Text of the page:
And there’s one more thing. This is a bit random, and here’s where the cringiness comes in, but I’ll say it anyway. I think I’ve finally realised that, to an extent, I should do what I want to do and what I deserve. I’m not sure that really makes sense, but what I’m trying to say is that I shouldn’t stop myself from doing something because of what I’m scared other people will think. I should wear what I want, and try not to be too self-conscious, except, y’know, within reason. I should enjoy having the fab friends that I know I have, and just forget about the people where everything is full of drama or barbed comments, because they’re not worth me wasting my time on. I should stop focusing on the people that I feel only talk to me when it suits them or the people that I’m never quite sure where I stand with, and spend time focusing on and talking to the people that want to be friends with me, that start conversations, that are interested in what I have to say and care about what I’m doing. People that I know will stick with me through the hard times, or at the very least won’t drop me as soon as someone more interesting comes along like I’d drop a maths textbook the second the exam’s over. That doesn’t mean I have to ignore or shut anyone else out. It just means I’m not going to waste time and energy on people who, in the end, I’m unlikely to still be in contact with in three years’ time. Instead, I’ll invest that time in the people who matter or are interested.

So I’m absolutely not saying drop all your friends because you think you’re above them or accuse people of not being invested enough in your friendship, but if there’s someone who seems like more trouble than their friendship is worth, maybe reevaluate your approach. Remember that it’s so much more worthwhile to spend the time you’d normally spend arguing with them or stressing over something they did (or didn’t) say or do cultivating a friendship with the people who matter.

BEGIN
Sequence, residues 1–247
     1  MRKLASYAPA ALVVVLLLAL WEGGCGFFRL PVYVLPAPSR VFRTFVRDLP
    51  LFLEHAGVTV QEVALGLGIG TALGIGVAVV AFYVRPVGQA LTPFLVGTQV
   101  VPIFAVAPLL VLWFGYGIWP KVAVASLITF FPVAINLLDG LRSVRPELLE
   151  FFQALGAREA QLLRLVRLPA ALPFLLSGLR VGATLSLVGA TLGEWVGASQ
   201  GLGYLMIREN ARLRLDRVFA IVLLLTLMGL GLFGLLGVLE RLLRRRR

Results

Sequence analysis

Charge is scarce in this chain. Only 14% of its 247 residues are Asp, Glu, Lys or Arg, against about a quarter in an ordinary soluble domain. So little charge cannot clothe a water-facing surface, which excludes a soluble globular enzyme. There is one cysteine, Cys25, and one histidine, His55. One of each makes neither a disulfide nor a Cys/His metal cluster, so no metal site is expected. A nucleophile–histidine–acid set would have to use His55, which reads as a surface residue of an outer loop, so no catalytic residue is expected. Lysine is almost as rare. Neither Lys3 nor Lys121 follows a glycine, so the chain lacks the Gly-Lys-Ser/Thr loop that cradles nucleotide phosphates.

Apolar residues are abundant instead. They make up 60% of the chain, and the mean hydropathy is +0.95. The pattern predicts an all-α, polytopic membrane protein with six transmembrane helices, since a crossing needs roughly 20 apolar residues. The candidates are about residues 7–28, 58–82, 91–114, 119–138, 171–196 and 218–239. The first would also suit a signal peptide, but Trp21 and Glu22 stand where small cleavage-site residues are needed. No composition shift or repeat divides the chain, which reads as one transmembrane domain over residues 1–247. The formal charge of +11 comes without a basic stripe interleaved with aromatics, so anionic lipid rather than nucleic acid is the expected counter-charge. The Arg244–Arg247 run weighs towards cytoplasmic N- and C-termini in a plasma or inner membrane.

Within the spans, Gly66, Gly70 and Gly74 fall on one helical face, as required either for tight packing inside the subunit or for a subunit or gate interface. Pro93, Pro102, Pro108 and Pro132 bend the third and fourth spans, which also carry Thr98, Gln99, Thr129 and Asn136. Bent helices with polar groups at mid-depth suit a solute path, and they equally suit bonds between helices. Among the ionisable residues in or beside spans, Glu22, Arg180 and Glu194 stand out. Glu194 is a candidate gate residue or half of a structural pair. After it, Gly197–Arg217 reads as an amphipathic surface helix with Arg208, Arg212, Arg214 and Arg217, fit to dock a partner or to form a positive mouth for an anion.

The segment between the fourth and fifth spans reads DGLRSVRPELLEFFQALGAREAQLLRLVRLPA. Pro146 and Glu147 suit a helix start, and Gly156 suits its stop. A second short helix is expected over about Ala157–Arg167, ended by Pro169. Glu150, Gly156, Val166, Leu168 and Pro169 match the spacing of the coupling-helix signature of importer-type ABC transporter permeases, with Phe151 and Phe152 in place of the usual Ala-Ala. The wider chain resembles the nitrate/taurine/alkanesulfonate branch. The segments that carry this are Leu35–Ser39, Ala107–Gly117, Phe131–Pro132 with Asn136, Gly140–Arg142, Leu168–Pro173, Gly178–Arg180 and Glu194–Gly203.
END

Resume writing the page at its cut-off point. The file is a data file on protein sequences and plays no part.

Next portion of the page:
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5 thoughts on “Why You Should Focus On The People Who Matter (+ Figuring Out A Few Things)

  1. Brown Books and Green Tea says:

    That last sentiment is so important.It will be even more so as you and your friends leave for college. There will be friends that you keep, and friends you purposely let drift away because you find that you’re putting in more effort than they were. And that’s okay.
    I’ve had the same group of friends since I was about 13. We’re vastly different people. One’s in advertising, one’s a filmmaker, one’s a teacher, and the other an engineer. We all live hundreds (thousands?) of miles away from each other, but there’s something fantastic about the knowledge that they’d drop everything for me if I was in a serious crisis. I’d do the same for them. Keep those people, and cultivate those relationships the same way you would with a significant other. Yes, you’ll make more friends as you get older, but you’ll never have to explain your past to these people. There’s nothing quite like that. It hasn’t been easy, but I’m looking forward to being 100 years old and still dealing with the same 4 women.


  2. happyalexx says:

    I’m so glad you are feeling happier within yourself and I couldn’t agree more with what your saying about friendship. There is no point spending time with people who make you unhappy.

    ps. I think your blog design looks so good and professional!